Review: The Greatest Tamil Stories Ever Told, Selected and Edited by Sujatha Vijayaraghavan and Mini Krishnan

A few years ago, Sujatha Vijayaraghavan, a bilingual writer, musician and dance scholar, embarked on an ambitious journey to read hundreds of classic Tamil stories. Those that didn’t fit his dance project at the time have found their way into this collection, an anthology of 30 Tamil short stories, writings from the 1930s to the present day that embody sadness and despair, courage and grace, and the spirit and skill of the Thamizh people.

296pp, ₹699; Aleph

Each story is unique, representing all strata of society, highlighting issues of caste, class and gender, and capturing in color and with remarkable ease the lives and times of Tamils. Most are “modern” and by writers who are household names in Tamil Nadu. Many were written with dollops of humor to express the plight of bleeding hearts and scorched souls – as the “Thamizh people love to laugh”, writes Vijayaraghavan.

Vijayaraghavan and Mini Krishnan co-wrote the anthology with Malini Seshadri translating most of the stories. The collection opens on The village experience, a tragicomic story of SVV, which leads to a world of emotions. An elderly couple undertake an arduous journey to a remote village to offer their condolences on the death of the couple’s “daughter’s stepmother’s father”. The death was not premature as the man was 80, but it was a “significant death” by society’s standards. While the wife worries about what people would say if they missed the condolence visit, the husband is angry: “Let’s take all the children, servants, sweeper… everyone in our house. In this way, we will be able to show them even better that our whole house is in deep sorrow.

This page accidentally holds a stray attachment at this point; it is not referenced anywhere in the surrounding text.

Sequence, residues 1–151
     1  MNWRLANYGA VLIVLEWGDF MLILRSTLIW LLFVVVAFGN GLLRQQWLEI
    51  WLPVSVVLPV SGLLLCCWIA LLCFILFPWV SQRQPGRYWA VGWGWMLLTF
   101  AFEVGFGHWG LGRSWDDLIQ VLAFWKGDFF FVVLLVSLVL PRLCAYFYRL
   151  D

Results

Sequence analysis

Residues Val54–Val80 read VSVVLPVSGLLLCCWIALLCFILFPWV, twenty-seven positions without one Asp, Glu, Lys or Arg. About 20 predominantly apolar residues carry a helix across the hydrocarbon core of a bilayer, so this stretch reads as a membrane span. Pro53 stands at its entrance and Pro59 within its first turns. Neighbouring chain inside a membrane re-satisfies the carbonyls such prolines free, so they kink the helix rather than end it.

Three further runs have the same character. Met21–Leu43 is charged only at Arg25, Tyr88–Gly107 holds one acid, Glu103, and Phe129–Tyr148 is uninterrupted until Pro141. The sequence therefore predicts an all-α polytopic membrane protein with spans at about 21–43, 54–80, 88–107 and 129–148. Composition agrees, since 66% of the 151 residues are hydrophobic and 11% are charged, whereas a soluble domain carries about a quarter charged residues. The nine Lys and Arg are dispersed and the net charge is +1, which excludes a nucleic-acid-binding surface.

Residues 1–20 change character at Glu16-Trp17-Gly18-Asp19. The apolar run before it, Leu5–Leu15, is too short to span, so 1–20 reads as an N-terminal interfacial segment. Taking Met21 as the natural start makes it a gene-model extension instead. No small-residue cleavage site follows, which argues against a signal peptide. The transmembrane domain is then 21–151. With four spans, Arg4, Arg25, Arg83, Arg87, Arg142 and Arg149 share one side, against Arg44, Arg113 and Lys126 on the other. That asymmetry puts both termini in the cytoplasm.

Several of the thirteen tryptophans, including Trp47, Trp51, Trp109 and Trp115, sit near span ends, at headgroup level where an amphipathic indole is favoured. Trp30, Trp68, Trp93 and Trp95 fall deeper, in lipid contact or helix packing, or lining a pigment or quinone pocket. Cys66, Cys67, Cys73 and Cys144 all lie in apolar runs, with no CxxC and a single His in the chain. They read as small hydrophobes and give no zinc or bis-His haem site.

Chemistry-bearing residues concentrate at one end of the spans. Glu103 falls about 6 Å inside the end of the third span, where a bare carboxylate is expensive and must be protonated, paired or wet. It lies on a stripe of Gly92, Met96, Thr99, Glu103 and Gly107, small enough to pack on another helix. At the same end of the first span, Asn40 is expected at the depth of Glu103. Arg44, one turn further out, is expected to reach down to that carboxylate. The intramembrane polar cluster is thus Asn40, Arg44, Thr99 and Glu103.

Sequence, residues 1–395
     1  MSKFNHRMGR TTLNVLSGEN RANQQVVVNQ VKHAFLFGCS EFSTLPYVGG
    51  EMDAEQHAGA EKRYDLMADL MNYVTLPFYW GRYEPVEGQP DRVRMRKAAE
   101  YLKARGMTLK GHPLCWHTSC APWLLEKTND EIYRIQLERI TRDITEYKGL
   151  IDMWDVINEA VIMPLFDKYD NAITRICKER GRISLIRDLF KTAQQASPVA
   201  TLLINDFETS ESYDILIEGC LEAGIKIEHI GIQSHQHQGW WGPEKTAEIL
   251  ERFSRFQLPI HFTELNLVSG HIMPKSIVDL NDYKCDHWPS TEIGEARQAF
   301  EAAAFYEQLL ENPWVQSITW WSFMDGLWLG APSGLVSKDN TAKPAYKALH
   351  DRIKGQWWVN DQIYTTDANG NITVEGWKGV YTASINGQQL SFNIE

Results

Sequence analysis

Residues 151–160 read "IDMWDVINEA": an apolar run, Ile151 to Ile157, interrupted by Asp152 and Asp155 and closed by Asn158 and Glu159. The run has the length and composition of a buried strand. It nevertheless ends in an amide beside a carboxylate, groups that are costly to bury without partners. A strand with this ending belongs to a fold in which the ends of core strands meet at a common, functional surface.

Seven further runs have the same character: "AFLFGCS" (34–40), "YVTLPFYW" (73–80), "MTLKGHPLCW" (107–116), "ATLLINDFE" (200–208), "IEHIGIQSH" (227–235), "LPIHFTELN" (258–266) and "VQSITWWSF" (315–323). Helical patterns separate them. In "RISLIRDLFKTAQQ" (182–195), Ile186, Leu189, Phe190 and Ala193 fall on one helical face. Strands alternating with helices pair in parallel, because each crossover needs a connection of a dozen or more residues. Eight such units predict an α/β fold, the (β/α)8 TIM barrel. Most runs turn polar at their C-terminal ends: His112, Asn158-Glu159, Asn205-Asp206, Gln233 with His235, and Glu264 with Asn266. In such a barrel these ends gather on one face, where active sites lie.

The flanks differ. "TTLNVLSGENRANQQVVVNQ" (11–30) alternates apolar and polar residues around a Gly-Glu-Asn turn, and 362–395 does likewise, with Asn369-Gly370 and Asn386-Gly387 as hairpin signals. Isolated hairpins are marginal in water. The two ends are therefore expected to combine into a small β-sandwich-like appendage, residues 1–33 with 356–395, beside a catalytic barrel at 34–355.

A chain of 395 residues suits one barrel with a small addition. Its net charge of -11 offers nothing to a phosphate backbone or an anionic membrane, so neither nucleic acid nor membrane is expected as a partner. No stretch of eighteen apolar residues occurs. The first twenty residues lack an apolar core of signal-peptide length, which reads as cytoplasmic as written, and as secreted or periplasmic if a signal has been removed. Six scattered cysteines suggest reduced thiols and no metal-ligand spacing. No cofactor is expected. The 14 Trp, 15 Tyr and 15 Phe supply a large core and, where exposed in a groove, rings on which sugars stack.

Co-author Sujatha Vijayaraghavan (Courtesy of Aleph)

by Kalki Krishnamurthy The Governor’s Visit, one of the oldest stories in the book, is a tongue-in-cheek account of how local dignitaries in small towns appeased the colonial rulers of pre-independent India. When news of the imminent visit of the English governor to lay the first stone of a bridge reached Chettiar and Iyengar, they vied with each other in obsequiousness and flattery towards the Englishman.

In her introduction, Vasantha Surya points out that two characteristics bind these nuanced histories: first, they are heirs to “the only language of contemporary India which is demonstrably continuous with a classical past”, and, second, the role that the writers “play in education a literary aesthetic based on an ethics without limits of doubt and questioning”.

In these pages we meet the strong woman Thamizh, who, as Vijayaraghavan points out, is able to fend off “a charging tiger armed with nothing more than a winnower”. The most striking story in this context is that of Kamalan (Trip 4 by Ambai), who hijacks her devious, dowry-seeking husband and takes charge of his life in an unconventional and extraordinary way. The compromises she makes and the secrets she carries are sure to shake the social order.

In contrast, The first night by Ki Ra is a cute story about a bride who is welcomed into her new home by a cat. Basu arches his back, rubs against the bride’s legs and purrs in delight, as husband and wife attempt to capture private moments in a shared home.